Joe Whatley, an attorney with Whatley Kallas, who opposes Sooy in the Blue Cross Blue Shield Antitrust Litigation, offers a different view of the MDL process. In his experience, first with consumer class actions, and then with several antitrust MDLs, class actions rarely avoid becoming part of a MDL.
"I think there are a number of lawyers, and we're experiencing some in the Blue Cross case, that file copycat cases," Whatley said. "So it creates duplicate litigation in many districts. The only way to deal with it is to establish a MDL."
Plaintiffs' steering committees handle the large numbers of plaintiffs' lawyers and cases that come together in a MDL. Whatley, who served on several committees, explains that members are chosen in one of two ways.
"Sometimes there is complete agreement among lawyers on who will do what, and in those instances, judges generally go along with it," Whatley said. "But sometimes you'll have competing applications, and the judges decide who will be best."
Herndon handles competition between plaintiffs' lawyers by seeking applications for a certain number of spots. He sets his own criteria and terms, like the option to reappoint members on an annual basis. He reviews resumes and enters a court order to announce the committee.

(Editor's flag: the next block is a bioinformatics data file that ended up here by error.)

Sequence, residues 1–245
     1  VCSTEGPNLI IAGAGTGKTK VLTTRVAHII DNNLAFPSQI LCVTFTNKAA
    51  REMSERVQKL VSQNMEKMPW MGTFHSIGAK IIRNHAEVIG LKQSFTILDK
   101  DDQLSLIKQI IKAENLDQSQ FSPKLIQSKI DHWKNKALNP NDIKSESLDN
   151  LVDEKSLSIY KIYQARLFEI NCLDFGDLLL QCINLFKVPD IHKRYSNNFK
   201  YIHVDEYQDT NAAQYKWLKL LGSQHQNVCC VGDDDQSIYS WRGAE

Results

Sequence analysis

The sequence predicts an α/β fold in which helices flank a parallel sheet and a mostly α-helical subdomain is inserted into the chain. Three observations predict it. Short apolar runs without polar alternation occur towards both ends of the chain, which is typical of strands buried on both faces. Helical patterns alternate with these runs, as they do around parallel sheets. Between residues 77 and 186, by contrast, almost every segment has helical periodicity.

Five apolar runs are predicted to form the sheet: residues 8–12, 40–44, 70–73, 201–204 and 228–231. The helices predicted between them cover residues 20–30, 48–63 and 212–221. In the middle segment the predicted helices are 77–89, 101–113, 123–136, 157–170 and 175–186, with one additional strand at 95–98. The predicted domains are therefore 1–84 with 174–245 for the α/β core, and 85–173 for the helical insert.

"The people that are involved, quite frankly, have no choice but to go along with the court order," Herndon said. "It's built into the system, and they accept it."
Herndon meets with leaders on both sides of the litigation each month. He helps them work through problems that arise in large MDLs, with the ultimate goal of resolving their cases rather than returning them to their original courts.
"That's not the stated objective of the MDL judge when they set up the system, but the lawyers, the judge, everyone, intends to resolve the litigation at the MDL stage," he said. "You can imagine what it would be like if you had 10,000 trials."
MDL judges can also move beyond resolving their federal cases and assist with parallel state court cases involving the same litigation. Sooy noticed a recent increase in MDL judges inquiring about pending state court cases. They often reach out to those courts and work to coordinate the cases.
"From the defendants' perspective, it's very good, because we're trying to keep everything running as efficiently as possible," she said. "If the judges are talking to each other and making sure schedules are coordinated, we think that's to our advantage."
Whatley agrees that everyone benefits when MDL judges move cases forward. Judge John Heyburn, who chairs the JPML and sits in the U.S. District Court for the Western District of Kentucky, once told him when they were stuck in an airport that the judge matters most in any MDL decision.
"Judge Heyburn and the other panel members, they're out there looking for judges who are really going to be capable of handling the cases," Whatley said. "Continuing down that road is one of the best things that can be done in terms of handling MDLs efficiently."